TIROS-8 (also called TIROS-H or A-53) was a spin-stabilized meteorological satellite. It was the eighth in a series of Television Infrared Observation Satellites.

Mission typeWeather satellite
COSPAR ID1963-054A Edit this at Wikidata
SATCAT no.716
Spacecraft properties
Spacecraft typeTIROS
ManufacturerRCA / GSFC
Launch mass265 kilograms (584 lb)[1]
Dimensions1.07 m × 0.56 m (3.5 ft × 1.8 ft)
Start of mission
Launch dateDecember 21, 1963, 09:30 (1963-12-21UTC09:30Z) UTC[2]
RocketThor-Delta B 371/D-22
Launch siteCape Canaveral LC-17B
End of mission
Last contactJuly 1, 1967 (1967-08)
Orbital parameters
Reference systemGeocentric
RegimeLow Earth
Perigee altitude691 kilometers (429 mi)[1]
Apogee altitude765 kilometers (475 mi)[1]
Period99.3 minutes[1]
EpochDecember 21, 1963[1]
Automatic Camera System
Television Camera System


Launch of TIROS-8 in Cape Canaveral.

TIROS-8 was launched on December 21, 1963, by a Thor-Delta rocket from Cape Canaveral Air Force Station, Florida, United States. The spacecraft functioned nominally until July 1, 1967. The satellite orbited the Earth once every 1 hour and 39 minutes, at an inclination of 58.4°. Its perigee was 691 kilometers (429 mi) and apogee was 765 kilometers (475 mi).[1]


TIROS-8 was a spin-stabilized meteorological spacecraft designed to test experimental television techniques and infrared equipment. The satellite was in the form of an 18-sided right prism, 107 cm in diameter and 56 cm high. The top and sides of the spacecraft were covered with approximately 9000 1-by 2-cm silicon solar cells. It was equipped with 2 independent television camera subsystems for taking cloudcover pictures, plus an omnidirectional radiometer and a five-channel scanning radiometer for measuring radiation from the earth and its atmosphere. The satellite spin rate was maintained between 8 and 12 rpm by use of five diametrically opposed pairs of small, solid-fuel thrusters.once opporatonial tiros was then called the National Oceanic and Atmospheric Administration or NOAA for short.

A magnetic attitude control device permitted the satellite spin axis to be oriented to within 1 to 2 deg of a predetermined attitude. The flight control system also optimized the performance of the solar cells and TV cameras and protected the five-channel infrared radiometer from prolonged exposure to direct sunlight.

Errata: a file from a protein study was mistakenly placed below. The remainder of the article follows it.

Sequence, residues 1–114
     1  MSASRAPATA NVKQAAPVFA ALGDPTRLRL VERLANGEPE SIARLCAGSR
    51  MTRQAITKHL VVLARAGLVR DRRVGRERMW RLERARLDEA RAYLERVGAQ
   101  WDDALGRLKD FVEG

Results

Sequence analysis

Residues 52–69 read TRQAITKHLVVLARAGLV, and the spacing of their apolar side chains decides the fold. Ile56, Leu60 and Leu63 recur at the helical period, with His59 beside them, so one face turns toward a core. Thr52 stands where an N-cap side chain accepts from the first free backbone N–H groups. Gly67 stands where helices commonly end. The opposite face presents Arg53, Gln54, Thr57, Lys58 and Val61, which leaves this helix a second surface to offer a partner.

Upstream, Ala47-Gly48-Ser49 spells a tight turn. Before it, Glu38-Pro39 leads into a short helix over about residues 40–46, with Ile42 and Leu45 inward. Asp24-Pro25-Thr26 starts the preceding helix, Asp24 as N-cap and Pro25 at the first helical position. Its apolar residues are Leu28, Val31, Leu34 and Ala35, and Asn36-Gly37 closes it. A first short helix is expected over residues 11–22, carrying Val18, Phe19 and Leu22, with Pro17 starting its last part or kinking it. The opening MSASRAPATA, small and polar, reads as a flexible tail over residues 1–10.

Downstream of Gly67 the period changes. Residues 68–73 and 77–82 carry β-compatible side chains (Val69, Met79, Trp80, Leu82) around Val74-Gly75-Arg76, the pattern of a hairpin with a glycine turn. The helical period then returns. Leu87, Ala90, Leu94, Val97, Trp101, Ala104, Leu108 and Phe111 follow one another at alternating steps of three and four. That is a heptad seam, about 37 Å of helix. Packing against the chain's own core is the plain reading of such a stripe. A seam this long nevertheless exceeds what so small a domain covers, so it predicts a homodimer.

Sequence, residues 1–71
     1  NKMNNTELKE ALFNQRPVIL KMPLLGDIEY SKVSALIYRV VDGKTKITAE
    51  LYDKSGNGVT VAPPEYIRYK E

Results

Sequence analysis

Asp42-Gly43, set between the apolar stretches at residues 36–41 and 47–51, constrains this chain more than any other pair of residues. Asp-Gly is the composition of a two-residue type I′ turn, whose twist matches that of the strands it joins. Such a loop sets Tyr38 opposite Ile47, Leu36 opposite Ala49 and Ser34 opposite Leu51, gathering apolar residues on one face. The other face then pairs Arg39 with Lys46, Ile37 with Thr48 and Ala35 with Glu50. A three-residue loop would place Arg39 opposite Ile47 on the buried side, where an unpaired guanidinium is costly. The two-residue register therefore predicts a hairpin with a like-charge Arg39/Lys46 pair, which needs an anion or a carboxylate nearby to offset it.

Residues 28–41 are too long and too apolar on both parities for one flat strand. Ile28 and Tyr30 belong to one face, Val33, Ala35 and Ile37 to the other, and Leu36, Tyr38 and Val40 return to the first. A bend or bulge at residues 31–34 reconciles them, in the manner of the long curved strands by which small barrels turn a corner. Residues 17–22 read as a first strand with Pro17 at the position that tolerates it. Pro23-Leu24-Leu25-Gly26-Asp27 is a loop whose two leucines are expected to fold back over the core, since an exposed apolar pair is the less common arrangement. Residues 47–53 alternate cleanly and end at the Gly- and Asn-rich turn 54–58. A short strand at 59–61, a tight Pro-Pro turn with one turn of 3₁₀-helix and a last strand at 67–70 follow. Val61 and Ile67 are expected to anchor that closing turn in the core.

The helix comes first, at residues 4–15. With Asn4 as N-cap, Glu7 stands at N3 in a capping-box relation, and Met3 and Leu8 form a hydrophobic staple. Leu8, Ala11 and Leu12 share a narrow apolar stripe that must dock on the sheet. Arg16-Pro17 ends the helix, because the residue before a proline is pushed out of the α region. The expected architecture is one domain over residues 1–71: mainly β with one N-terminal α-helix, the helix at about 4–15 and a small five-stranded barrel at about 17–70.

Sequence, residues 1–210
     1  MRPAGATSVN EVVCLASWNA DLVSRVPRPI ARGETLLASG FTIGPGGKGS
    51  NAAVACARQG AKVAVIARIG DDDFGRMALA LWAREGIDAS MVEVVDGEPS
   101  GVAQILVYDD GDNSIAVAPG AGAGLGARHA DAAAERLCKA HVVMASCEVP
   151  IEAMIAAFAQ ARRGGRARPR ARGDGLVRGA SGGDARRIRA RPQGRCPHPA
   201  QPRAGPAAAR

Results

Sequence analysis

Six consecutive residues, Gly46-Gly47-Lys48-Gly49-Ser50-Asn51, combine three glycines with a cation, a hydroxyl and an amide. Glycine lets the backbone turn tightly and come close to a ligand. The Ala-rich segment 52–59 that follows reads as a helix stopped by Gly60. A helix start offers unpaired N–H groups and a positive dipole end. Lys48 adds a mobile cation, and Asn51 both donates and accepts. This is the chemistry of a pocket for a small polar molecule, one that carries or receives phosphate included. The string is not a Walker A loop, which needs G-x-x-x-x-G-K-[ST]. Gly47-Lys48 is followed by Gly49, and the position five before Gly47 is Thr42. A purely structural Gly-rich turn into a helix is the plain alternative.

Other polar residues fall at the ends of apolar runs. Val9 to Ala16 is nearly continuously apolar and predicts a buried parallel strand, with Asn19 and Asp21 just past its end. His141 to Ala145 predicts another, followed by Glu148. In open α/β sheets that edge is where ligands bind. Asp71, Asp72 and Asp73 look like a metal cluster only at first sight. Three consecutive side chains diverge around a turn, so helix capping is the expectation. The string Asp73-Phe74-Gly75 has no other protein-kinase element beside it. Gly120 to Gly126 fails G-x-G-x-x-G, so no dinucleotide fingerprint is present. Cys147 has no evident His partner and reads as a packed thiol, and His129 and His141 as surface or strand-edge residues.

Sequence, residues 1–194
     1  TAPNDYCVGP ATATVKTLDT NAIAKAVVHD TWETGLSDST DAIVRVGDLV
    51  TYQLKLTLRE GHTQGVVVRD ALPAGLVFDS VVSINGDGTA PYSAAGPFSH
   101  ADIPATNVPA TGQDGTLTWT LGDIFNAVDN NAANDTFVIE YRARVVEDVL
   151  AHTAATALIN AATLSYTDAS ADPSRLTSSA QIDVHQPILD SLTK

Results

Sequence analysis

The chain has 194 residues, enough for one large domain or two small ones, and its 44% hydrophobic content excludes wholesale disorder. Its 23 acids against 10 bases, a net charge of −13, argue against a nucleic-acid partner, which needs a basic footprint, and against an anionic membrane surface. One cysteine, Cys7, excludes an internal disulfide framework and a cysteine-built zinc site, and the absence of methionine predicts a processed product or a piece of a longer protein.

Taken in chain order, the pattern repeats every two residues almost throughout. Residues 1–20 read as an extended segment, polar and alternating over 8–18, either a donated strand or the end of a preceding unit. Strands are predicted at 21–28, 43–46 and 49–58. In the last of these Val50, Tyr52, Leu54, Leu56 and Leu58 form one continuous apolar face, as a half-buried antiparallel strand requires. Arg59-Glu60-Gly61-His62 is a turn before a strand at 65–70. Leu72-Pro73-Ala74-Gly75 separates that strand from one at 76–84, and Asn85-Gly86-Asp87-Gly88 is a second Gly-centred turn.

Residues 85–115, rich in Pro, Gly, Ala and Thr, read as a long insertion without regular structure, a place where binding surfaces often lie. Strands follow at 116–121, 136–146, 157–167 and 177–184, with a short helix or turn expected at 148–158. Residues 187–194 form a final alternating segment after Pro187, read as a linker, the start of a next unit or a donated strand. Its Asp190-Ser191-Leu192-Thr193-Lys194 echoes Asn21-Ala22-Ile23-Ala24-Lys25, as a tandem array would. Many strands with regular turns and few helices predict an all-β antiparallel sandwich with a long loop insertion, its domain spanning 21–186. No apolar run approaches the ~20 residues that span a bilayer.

TIROS-8 was the first satellite to be equipped with Automatic Picture Transmission (APT) capabilities. The APT experiment provided real-time earth-cloud pictures taken by the satellite to any properly equipped ground receiving station. In addition to an APT camera system, the satellite carried one wide-angle (104°) TV camera. Pictures taken by the TV camera were transmitted directly or were stored in a tape recorder on board for subsequent playback, depending on whether the spacecraft was within or beyond communication range of either of two ground receiving stations.

The spacecraft performed normally after launch. Over 50 ground stations participated in the APT experiment, which was terminated by the end of April 1964 due to degradation of the APT camera. The wide-angle TV camera transmitted useful data until February 12, 1966. The satellite was deactivated on July 1, 1967, after being left on for an additional time period for engineering purposes.[3]

See alsoEdit


  1. ^ a b c d e f g h "TIROS 8". National Space Science Data Center Master Catalog. NASA Goddard Space Flight Center. Retrieved June 4, 2018.
  2. ^ McDowell, Jonathan. "Launch Log". Jonathan's Space Page. Retrieved June 4, 2018.
  3. ^ "TIROS 8 (1963-054A)". NASA Goddard Space Flight Center. Retrieved June 4, 2018.   This article incorporates text from this source, which is in the public domain.

External linksEdit

  • Real Time Satellite Tracking - TIROS 8. N2yo.com
  • TIROS. science.nasa.gov
  • Technical Summary of Polar Meteorological Satellites. (PDF)